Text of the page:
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A letter to the makers of Inside Out

25 November 2016, by We Are Family

A letter to the makers of Inside Out -

20160929_235344Dear makers of Inside Out,
I just wanted to write and thank you for what I consider to be one of the best films ever made.

To explain, I have found being an adoptive Mum, at times, an extremely difficult and highly charged emotional experience. It is made more difficult by the fact that much of what I am feeling is very difficult to properly break down and understand. For me, your film articulated a lot of these feelings in such simple terms. I found myself in tears from early in the film when the yellow balls (representing happy memories) as core memories for the central character ‘Riley’ throughout her early childhood lead to her being able to build a really strong and positive sense of self-identity. In contrast my girls, without doubt, have early core memories which are blue (representing sadness) and so have had to build their early sense of self upon experiences which are sad and/or frightening. And just like Joy later in the film I can’t change that early sadness for them, I can’t remove it, it is something which is a part of them and which I have to help them to weave positively into their identity.

For one of my girls in particular who is regularly ‘driven’ by Anger, the film has helped her to start understanding that there are in fact a number of different feelings, that she can name them and that we all have them. She seemed genuinely surprised to hear that I have ‘Fear’ in my head and that I get worried about things. I asked her if she ever worries about anything and she said yes, that she worries about her sister going away. My daughter is 3. We have always thought that she was very anxious about transitions having moved carers 3 times by the time she was 18 months old but it had never occurred to us that she thought that her sister, the one constant, could maybe leave as well.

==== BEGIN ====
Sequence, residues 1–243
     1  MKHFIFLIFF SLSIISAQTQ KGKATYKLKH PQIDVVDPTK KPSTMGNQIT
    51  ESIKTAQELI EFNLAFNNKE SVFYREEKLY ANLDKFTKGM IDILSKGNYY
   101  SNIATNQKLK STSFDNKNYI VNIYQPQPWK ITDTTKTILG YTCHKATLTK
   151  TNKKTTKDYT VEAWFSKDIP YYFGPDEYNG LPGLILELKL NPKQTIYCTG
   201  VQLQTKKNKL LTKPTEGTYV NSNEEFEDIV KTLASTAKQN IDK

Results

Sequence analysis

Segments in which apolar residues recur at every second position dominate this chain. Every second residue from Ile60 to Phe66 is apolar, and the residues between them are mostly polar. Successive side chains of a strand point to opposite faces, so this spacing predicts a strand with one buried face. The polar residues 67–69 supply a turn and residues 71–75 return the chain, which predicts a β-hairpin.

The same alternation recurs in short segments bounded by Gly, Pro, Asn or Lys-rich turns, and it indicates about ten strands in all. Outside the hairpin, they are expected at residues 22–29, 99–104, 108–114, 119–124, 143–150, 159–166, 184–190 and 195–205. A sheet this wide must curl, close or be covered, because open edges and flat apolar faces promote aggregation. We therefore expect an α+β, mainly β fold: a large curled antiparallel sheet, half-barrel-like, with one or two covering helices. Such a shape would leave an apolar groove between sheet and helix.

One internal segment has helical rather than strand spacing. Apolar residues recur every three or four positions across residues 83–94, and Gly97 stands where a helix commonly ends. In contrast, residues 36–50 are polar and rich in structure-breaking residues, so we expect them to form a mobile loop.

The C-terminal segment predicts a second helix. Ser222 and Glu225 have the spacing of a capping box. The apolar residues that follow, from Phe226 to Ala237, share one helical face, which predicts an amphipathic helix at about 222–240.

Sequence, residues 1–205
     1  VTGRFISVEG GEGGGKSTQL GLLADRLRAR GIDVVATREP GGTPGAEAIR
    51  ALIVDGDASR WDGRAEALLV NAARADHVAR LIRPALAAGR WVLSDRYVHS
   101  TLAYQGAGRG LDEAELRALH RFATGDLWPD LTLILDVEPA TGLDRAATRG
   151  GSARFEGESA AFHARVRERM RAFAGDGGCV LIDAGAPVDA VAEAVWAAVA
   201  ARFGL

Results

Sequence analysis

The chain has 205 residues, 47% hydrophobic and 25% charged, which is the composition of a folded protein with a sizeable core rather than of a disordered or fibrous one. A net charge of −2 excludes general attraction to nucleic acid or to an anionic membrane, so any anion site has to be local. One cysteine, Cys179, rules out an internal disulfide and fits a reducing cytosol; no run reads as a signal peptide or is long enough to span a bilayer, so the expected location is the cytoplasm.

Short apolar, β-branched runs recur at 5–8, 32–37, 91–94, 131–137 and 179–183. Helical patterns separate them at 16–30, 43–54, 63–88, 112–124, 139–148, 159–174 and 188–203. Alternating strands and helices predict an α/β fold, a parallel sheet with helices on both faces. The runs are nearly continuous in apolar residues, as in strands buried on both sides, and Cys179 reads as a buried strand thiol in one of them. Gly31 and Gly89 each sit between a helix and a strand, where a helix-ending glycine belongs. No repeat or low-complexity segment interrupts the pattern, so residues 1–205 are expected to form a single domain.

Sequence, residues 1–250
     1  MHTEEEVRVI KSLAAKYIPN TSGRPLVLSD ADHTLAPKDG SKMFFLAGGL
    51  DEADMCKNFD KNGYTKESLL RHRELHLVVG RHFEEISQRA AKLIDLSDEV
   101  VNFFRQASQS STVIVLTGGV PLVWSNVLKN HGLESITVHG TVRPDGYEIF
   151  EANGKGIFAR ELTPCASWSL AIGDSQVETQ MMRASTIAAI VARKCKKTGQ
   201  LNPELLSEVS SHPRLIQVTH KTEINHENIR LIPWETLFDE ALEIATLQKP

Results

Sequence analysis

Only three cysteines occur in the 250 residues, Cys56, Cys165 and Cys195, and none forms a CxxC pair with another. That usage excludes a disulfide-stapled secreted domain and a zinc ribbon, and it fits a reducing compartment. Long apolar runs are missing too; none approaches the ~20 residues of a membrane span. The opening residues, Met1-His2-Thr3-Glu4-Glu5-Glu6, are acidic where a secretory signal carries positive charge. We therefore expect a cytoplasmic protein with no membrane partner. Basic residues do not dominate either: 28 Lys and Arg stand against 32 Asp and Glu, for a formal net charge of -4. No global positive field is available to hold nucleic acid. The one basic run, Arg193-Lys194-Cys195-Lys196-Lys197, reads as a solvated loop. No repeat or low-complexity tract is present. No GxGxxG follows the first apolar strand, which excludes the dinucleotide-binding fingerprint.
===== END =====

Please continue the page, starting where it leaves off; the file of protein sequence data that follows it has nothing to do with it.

The film also gave us an easy segue into discussing birth Mum and Dad because at the very beginning of the film Riley is born and first sees her parents looking down happily at her. Happily for us we do know that this happened for our girls and were able to say this – so much nicer to have a visual depiction of it than just trying to explain verbally ‘your birth Mum and Dad loved you very much when you were born’.

And happily for me your film provided me personally with one of the best moments of my life. I was talking with the girls about which one of the little ‘people’ they thought was most like each of them and finally which one was most like me. I asked because I feel like I spend much of my time telling them off, being grumpy and tired so from that aspect I fully expected them to choose ‘anger’, or alternatively because I wear glasses and have a bob I thought they may plump for ‘sadness’. They shocked me by choosing Joy.

With love,
A grateful, re-motivated parent

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